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29 March 2012

A Review of *The Hunger Games*

Finally back from several days in New Orleans for Southerns and then a few days of vacation at Jekyll Island with my wife. Regular posting to resume.

My wife and I went to see The Hunger Games last night. Here is the trailer if you haven't seen it already:

We had both read and enjoyed the book. First, just some superficial sociological analysis of the film. It has a strong female lead and seems to pass the Bechdel test. The casting is quite racially diverse, so much so that some have been oddly angered that a prominent character is played by a black actor. The entire plot is centered on an exploitative political economy that has historic (cf. ancient Rome) and contemporary (cf. American capitalism) parallels. All around, it offers great fodder for sociological discussion.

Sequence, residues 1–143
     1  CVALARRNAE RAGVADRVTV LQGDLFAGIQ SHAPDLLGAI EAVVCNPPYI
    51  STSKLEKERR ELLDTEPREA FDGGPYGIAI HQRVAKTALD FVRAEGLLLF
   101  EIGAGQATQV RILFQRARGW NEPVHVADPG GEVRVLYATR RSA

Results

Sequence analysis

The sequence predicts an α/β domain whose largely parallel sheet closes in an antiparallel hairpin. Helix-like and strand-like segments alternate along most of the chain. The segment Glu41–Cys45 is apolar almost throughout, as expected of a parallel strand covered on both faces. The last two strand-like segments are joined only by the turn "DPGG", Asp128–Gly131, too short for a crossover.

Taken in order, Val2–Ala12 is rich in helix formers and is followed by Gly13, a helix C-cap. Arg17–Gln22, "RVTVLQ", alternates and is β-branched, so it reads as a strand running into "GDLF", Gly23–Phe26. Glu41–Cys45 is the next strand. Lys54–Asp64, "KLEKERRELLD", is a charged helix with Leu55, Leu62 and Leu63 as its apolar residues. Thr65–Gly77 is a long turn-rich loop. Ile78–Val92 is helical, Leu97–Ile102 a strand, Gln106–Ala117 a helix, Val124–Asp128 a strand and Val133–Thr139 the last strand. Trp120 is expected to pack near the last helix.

I recommend both the book and the film, and I think that each has its strengths and weaknesses. The film does a better job at addressing social class, social movements, and collective action than the book. The film also corrects some of the more fantastical problems from the book (e.g. mutated wolves) which isn't what one might expect given the tendency for Hollywood to overdo the CGI effects recently. The book did a better job of developing the characters, addressing their individual motivations, and exploring back-stories, but this shouldn't be a surprise when nearly 400 pages get condensed to just under two and a half hours.

Overall, the film exceeded my expectations. I was emotionally engaged throughout and am excited about reading the two remaining books and seeing the next two films. I could imagine offering a course on the trilogies in the future.

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